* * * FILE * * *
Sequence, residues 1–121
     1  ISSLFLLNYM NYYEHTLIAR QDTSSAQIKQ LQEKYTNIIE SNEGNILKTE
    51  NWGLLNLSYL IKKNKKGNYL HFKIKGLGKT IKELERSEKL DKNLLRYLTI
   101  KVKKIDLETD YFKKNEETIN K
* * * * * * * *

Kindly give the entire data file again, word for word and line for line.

Sequence, residues 1–121
     1  ISSLFLLNYM NYYEHTLIAR QDTSSAQIKQ LQEKYTNIIE SNEGNILKTE
    51  NWGLLNLSYL IKKNKKGNYL HFKIKGLGKT IKELERSEKL DKNLLRYLTI
   101  KVKKIDLETD YFKKNEETIN K